AR: Do you feel that your mom was the one that pushed you to pursue a higher education? Was that something that you wanted to do for yourself?

SC: What we found at home was: "Make sure you go to school because that's how you're going to get a good job," and, you know, "That's how you're going to get out of this poverty." It was always ingrained in us, "Pay attention in school; pay attention in school." School was more of a thing for my mom. My dad was trying to get his work life established. I always knew I had to prioritize school, but I didn't really like school. You know what I mean? It wasn't like, "Oh, school!" It was more like, "School." I didn't come to really learn about or just learn in a way that was invigorating to me until, I would say, junior year of high school. Junior year of high school was when my mind started going into, "Oh, if I like this, then maybe I can do this as a job." I started doing that a lot in junior year of high school.

LS: You said you had siblings. How was your relationship with them?

SC: Good, three sisters--two sisters, it's three of us all together. I'm the youngest, then comes Jessica. She's my Irish twin, so she came. Literally, we're eleven months apart, so we share the same age for a month and a half. Then, Cynthia is my half-sister or my part sister. We share the same mother, not the same dad, and she is a little older than me. I would say great. I think the sisters, las mujeres, the women in the family, we learned how to bond and work together in ways that I think the men do not. My sisters have always been sort of parents part two, except Jess. Jess to me, we're closer in age, so that felt a little bit more sisterly.

LS: Who were your friends as a child? Did you grow up with a lot of Dominicanos too?

SC: Passaic at that time was very Latinx. Now, it's predominantly Mexican American, maybe some Ecuadorians and Salvadorians. Back then, it was very Dominican and Puerto Rican. It's what I remember most, and my friends were of those cultures. I learned about African Americans through the school system, and I had some. When I think of my people, I think of Dominicans and Puerto Ricans as the community that I grew up with.

AR: Where do you live now?

SC: Somerset, New Jersey for now. [laughter]

AR: How long have you lived there?

SC: I've lived in Somerset for a year and a half now. Before Somerset, I lived in East Brunswick for about four years. Before East Brunswick, I lived in Highland Park for about three years. Before Highland Park, I lived in North Arlington for four years. Before North Arlington, I lived in Bloomfield. Before Bloomfield, I lived in Hackensack.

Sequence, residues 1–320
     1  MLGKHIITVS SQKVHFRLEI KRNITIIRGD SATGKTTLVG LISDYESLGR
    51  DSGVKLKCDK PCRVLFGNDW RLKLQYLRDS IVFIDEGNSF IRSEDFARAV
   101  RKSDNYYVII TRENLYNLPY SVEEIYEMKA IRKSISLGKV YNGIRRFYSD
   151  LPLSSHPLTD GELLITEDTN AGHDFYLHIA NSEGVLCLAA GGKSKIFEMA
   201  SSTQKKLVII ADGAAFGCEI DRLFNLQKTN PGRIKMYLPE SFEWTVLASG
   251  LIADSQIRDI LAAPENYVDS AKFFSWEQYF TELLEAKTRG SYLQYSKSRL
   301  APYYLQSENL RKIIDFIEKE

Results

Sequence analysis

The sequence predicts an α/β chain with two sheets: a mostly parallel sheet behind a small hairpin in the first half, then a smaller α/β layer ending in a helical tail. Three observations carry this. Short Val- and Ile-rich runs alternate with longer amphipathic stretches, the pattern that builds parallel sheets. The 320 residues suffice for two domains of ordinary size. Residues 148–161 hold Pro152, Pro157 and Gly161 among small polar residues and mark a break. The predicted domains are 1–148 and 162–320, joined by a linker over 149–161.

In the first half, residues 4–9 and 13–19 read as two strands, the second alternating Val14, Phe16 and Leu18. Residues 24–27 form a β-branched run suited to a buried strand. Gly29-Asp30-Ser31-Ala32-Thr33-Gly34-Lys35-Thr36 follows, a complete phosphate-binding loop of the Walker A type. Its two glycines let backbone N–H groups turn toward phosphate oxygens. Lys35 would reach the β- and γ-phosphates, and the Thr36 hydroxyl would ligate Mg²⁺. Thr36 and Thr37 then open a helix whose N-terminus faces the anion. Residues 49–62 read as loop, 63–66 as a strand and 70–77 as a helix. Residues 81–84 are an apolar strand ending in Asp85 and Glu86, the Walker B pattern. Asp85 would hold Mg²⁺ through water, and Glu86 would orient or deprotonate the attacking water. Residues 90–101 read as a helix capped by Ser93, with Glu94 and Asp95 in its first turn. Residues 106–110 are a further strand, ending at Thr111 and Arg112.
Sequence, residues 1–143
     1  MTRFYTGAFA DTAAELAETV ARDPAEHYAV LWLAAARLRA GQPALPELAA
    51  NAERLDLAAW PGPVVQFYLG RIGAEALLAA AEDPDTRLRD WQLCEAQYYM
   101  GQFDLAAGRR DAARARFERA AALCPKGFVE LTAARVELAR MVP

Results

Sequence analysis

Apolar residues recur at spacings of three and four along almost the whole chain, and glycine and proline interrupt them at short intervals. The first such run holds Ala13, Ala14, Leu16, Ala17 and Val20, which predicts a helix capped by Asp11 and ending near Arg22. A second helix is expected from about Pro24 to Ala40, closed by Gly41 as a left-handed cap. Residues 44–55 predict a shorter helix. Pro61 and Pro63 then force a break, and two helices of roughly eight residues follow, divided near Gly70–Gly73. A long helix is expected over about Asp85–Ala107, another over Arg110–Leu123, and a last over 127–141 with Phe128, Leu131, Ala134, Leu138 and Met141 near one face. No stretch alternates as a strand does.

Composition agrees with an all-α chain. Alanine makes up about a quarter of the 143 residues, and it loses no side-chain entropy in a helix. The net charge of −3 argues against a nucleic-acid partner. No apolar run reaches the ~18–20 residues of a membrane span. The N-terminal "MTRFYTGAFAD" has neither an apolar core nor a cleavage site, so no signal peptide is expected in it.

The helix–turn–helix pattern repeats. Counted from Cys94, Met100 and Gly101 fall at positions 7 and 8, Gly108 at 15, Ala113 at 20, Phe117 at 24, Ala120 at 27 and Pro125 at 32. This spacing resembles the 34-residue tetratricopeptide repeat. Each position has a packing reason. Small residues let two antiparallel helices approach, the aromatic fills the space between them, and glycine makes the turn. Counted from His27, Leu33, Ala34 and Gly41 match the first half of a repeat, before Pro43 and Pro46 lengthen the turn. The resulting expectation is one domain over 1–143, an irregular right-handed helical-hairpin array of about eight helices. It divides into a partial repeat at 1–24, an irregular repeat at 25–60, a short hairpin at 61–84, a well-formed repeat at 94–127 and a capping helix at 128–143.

LS: Did you interact with the Latino communities?

SC: Everywhere, it's almost like, it's sickening because I think that I've chosen to just affiliate [laughter] with the Latino identity in my life. Until I met my husband, because my husband is Jewish and Israelian, that is when I started to really dip into other cultures outside of my own.

LS: What were your influences to go to Rutgers?

SC: Oof, the Rutgers story, so I always wanted to go to college, even though I didn't know how I was going to pay for it. Being that my mom became a single mom, she always came under the bar to allow me to get into programs like EOF [Educational Opportunity Fund] and stuff like that. But before that, high school, Clifton High, I just remember being one of five or ten Latinas at that school. I remember not liking high school too much. From there, from high school obviously, I talked to guidance counselors. My academic report wasn't too strong, and just like many counselors do, they were telling me to go to community college. That's what I did. I went to Passaic Community College for one semester. I was in the EOF program there, straight A's obviously.

Then, from there, I transferred to what was University College at Rutgers because I was coming in between the spring and the fall, so incoming, I wasn't able to compete with all the other colleges, Livingston College, Rutgers College, Douglass College, whatever. So, I had to become University College, and I came under University College with a full-time schedule in spring of ‘99. I remember when I came to Rutgers for the first time, I was like, "This is a whole new world." I felt really excited. I felt like I needed something different than what I was used to up north, and I wasn't at all intimidated. I was more like, "I have to make sure that I take advantage of everything." I was very hungry to make sure that I got all the resources that I needed, and I was taught that at the EOF program at Passaic Community College. From there, I transferred into Livingston College and graduated from there in 2004 with a degree in Spanish. That was not my intended major. My intended major was business, but it was crazy for me, not because of the actual subject, it was because I was finding myself at Rutgers. When I came to Rutgers-New Brunswick, I lived at New Gibbons, that was my first dorm. My dorm was facing the bus stop. I'll never forget. I had my first roommate, (Darmesta?) Patel. I don't know where she is. Hopefully, she is good in life right now. I was in love. I was like, "This is a whole new world." I felt like I was out of the ghetto and into some new stuff, and I was just going to change the course.